The teachings of Bhikkhu Buddhadasa

Theravāda in the 21st century - modern applications of ancient wisdom

Re: The teachings of Bhikkhu Buddhadasa

Postby Element » Tue Feb 10, 2009 11:04 pm

clw_uk wrote:One problem I have though with the notion of Devas etc being purely psychological is the distinct presenation of them as actual living beings within the Suttas. I can see how they can be seen as both however.

A deva is a human being. However, like the Buddha, Mogallana and Devadata, some devas have some supernormal powers.

However, some of these devas with supernormal powers do not believe in the Buddha-Dhamma.

Like Christian angels, they believe in Godliness rather than vipassana truth.

Thus an angel prefers to teach humanity, for example, about eternal life with Jesus rather than the doctrine of impermanence.

They do this because they believe it is a more effective way to remedy suffering for those human beings.
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Re: The teachings of Bhikkhu Buddhadasa

Postby tiltbillings » Tue Feb 10, 2009 11:20 pm

A deva is a human being.


Since when?
This being is bound to samsara, kamma is his means for going beyond.
SN I, 38.

Ar scáth a chéile a mhaireas na daoine.
People live in one another’s shelter.
"We eat cold eels and think distant thoughts." -- Jack Johnson
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Re: The teachings of Bhikkhu Buddhadasa

Postby Element » Wed Feb 11, 2009 2:40 am

tiltbillings wrote:Since when?

Since always. :alien:
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Re: The teachings of Bhikkhu Buddhadasa

Postby Ben » Wed Feb 11, 2009 2:49 am

Element wrote:
clw_uk wrote:One problem I have though with the notion of Devas etc being purely psychological is the distinct presenation of them as actual living beings within the Suttas. I can see how they can be seen as both however.

A deva is a human being. However, like the Buddha, Mogallana and Devadata, some devas have some supernormal powers.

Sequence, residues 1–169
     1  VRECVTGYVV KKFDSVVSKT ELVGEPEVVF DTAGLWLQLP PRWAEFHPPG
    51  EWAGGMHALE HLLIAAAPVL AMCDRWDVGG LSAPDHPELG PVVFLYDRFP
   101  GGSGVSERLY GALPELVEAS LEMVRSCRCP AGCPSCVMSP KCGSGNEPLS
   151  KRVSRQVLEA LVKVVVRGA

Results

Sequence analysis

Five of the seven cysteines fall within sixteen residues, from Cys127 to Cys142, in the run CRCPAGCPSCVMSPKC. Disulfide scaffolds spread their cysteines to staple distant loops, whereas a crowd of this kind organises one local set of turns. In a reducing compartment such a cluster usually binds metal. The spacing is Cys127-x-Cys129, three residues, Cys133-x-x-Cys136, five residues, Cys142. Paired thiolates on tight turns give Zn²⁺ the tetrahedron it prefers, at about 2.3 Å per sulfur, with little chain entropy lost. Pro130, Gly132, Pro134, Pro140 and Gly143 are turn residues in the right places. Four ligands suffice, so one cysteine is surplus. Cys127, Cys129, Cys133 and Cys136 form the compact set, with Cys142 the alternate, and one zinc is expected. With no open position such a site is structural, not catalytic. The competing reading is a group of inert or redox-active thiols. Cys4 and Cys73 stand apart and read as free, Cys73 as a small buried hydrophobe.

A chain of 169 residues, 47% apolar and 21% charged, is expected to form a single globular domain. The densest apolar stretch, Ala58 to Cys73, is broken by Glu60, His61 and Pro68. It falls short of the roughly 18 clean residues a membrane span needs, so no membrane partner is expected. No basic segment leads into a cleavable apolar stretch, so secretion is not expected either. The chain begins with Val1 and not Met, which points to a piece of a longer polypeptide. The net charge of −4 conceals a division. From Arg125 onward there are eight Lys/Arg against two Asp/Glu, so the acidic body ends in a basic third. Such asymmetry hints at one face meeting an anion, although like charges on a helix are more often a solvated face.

However, some of these devas with supernormal powers do not believe in the Buddha-Dhamma.

Like Christian angels, they believe in Godliness rather than vipassana truth.

Thus an angel prefers to teach humanity, for example, about eternal life with Jesus rather than the doctrine of impermanence.

They do this because they believe it is a more effective way to remedy suffering for those human beings.


Do you have any support for this?
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Re: The teachings of Bhikkhu Buddhadasa

Postby jcsuperstar » Wed Feb 11, 2009 3:09 am

ive read zen texts that explain the devas and ghosts etc in these sort of ways, for example one who is controled by their emotions, cravings etc is an animal since animals are controled similarily by instincts, one who hates themself is a preta and so on

so its not just a buddhadasa thing,
สัพเพ สัตตา สุขีตา โหนตุ

the mountain may be heavy in and of itself, but if you're not trying to carry it it's not heavy to you- Ajaan Suwat
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Re: The teachings of Bhikkhu Buddhadasa

Postby tiltbillings » Wed Feb 11, 2009 3:12 am

Element: A deva is a human being.
Element wrote:
tiltbillings wrote:Since when?

Since always.


Okay, and your textual source for claiming that devas are human beings is?
This being is bound to samsara, kamma is his means for going beyond.
SN I, 38.

Ar scáth a chéile a mhaireas na daoine.
People live in one another’s shelter.
"We eat cold eels and think distant thoughts." -- Jack Johnson
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Re: The teachings of Bhikkhu Buddhadasa

Postby Element » Wed Feb 11, 2009 3:13 am

Ben wrote:Do you have any support for this?

Do you have any support for the contrary?

Have you met human beings like the Buddha with supernormal power who can communicate by mind?

Have you met non-human beings communcating with bhikkhus? :alien:
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Re: The teachings of Bhikkhu Buddhadasa

Postby tiltbillings » Wed Feb 11, 2009 3:16 am

Element wrote:
Ben wrote:Do you have any support for this?

Do you have any support for the contrary?

Have you met human beings like the Buddha with supernormal power who can communicate by mind?

Have you met non-human beings communcating with bhikkhus? :alien: